Color is a huge part of life: we either love or hate green vegetables, our steak is most attractive to us when it’s red, pink, or brown, our footwear must complement or match our outfit or suit and tie, and some of us enjoy wearing red jeans, while others prefer purple or blue.
Color in our homes makes just as big a statement. Does the color on the walls complement the furniture or highlight it? How much red hue do you like on your hardwood floors? Do you like quirky-colored lampshades? How about the window treatments – classic or statement-making?
What we drive makes a statement about our personality and confidence. The color of our vehicle says the most. For example, drivers with red cars are often seen as chance-takers. Drivers with yellow cars might seek attention.
Black? Confident and important. White is for the intelligent and the stickler for the rules. So, what does driving a black car mean? What does driving a white car do for you? Let’s find out.
What Is A Black Car?
Black is just a color, but there are types of cars that stand out or are instantly recognizable because of that color. Limousines, for instance, are recognized at once due to being long and shiny black. The classic luxury sedan used by almost all car hire companies to squire executives and other important people around town when they travel is black.
Numerous drivers who head for the track on the weekends drive Maseratis, Porsches, and even a Lamborghini or two. These cars are generally black. Drivers of your basic city-suitable sedans choose black because black is elegant and cool.
What Are The Features Of A Black Car?
Drivers shopping for cars look for specific features, such as:
• The size of the car. Today’s drivers generally want a smaller car for its good gas mileage
• The tech. Even a simple GPS on the most basic trim level or model of car is desirable when it comes to tech
• Trim. The model of a car, let’s say a Honda Accord, comes in several (sometimes up to 12) trim levels. You have your sedan, your compact, and your sports model, to name a few
Now, once the model has been chosen, drivers seeking new cars choose what they want on the car, such as:
• Leather seats
• Front and rear cameras
• Heated seats
Drivers seeking new cars next choose the color of the car once all the features are chosen. Black cars are popular because black is equated with luxury, with the importance of the driver, and is synonymous with confidence and visibility.
There is an unfortunate side to driving a black car, though. It shows the dirt, scratches, and dents more than any other colored car. Perhaps the most unfortunate aspect of a black car is that black is the absence of all light, even if it’s the presence of all colors.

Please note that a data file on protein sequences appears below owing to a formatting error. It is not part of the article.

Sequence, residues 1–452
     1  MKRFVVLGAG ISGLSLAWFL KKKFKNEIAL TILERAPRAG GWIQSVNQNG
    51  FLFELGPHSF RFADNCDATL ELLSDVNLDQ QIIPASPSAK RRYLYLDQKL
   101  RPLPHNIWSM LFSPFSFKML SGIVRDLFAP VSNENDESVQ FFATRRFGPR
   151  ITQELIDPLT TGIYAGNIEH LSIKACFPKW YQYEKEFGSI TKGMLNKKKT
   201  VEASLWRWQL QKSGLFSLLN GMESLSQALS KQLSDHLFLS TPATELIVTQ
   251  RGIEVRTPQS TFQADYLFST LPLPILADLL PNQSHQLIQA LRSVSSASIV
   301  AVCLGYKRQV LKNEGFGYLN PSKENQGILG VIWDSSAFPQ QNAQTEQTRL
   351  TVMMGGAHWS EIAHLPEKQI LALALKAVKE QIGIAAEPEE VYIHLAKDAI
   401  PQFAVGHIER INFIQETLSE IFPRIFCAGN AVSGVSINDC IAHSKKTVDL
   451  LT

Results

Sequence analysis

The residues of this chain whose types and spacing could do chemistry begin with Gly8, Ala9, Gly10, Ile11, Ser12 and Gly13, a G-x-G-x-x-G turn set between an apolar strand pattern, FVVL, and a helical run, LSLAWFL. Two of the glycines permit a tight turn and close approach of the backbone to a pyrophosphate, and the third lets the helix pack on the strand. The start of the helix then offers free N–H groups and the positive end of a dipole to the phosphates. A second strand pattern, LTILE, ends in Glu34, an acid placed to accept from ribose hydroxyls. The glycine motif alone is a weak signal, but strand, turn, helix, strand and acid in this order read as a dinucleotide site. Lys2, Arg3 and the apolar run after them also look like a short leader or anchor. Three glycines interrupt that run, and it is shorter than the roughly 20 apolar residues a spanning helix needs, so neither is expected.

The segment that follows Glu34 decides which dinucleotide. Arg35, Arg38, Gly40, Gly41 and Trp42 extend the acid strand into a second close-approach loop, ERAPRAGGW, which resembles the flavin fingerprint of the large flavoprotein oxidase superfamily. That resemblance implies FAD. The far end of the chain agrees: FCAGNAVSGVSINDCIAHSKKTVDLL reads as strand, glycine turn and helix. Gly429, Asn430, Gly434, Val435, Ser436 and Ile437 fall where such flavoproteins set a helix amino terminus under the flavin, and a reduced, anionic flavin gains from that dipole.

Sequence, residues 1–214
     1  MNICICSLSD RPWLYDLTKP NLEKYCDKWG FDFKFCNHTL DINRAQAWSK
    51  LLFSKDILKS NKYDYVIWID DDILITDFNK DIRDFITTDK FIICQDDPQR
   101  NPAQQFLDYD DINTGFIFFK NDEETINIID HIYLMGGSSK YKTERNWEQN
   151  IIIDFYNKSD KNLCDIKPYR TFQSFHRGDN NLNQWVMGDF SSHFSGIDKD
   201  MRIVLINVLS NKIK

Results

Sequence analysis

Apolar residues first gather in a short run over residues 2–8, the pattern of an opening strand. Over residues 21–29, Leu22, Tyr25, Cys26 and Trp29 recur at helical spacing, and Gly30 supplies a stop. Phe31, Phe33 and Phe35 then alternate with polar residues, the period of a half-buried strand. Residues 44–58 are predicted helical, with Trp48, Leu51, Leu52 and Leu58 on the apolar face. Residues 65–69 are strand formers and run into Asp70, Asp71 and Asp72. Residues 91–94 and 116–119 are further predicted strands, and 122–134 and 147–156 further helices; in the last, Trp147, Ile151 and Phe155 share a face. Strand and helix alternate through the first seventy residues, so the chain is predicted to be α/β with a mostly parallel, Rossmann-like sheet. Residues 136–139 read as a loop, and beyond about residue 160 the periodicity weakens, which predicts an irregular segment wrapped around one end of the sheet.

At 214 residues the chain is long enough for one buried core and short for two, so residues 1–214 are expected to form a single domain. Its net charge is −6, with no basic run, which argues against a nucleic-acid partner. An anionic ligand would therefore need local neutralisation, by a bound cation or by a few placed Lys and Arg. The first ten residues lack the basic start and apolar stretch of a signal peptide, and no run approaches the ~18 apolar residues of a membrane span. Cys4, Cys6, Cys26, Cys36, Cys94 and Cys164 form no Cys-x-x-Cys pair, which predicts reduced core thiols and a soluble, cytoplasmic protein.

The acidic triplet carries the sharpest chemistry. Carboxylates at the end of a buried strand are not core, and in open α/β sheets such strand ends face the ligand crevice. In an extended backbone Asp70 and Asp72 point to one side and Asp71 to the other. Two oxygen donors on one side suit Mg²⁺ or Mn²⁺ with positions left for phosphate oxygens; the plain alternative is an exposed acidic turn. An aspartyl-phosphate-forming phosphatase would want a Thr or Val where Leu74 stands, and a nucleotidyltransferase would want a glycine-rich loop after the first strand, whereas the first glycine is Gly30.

That makes a black car supremely hot in summer.
Of What Materials Are Black Cars Made?
All cars are made of steel due to its ability to absorb the impact of another vehicle. Aluminum is another metal used in cars for the wheels and engine blocks. Obviously, glass is used for the windows.
Rubber is used in cars for the tires along with the belts and hoses. Plastics are used in many parts of a car, such as a dashboard and door handles. Did you know your car battery is made of lead? It allows safe temperatures even as the car heats up.
Copper goes into the wiring, and small bits of magnesium and titanium are used in the body as well. Of course, leather and fabric are used in the seats and the material on the inside roof of the vehicle.
What Are The Design Features Of A Black Car?
Some cars are designed with long noses and stubby rear ends. Some flow naturally, while others dip and curve in innovative ways. This is called the curvature of the car.
The vehicle must conform to established rules about its size and configuration. For instance, space has to be engineered for the fuel tank, storage, room for the driver to fit comfortably, as well as the engine fitting snugly.
Drivers, on the other hand, look for more immediate features than the engine and fuel tank. They look for high tech, the best sound system ever, luxurious comfort like heated seats, as well as cool communications.
What Are The Costs And Benefits Of Black Cars?
Black cars are the most popular colored cars due to their elegance. As an illustration, have you ever ridden in a green limo? Of course not. They’re either black or white.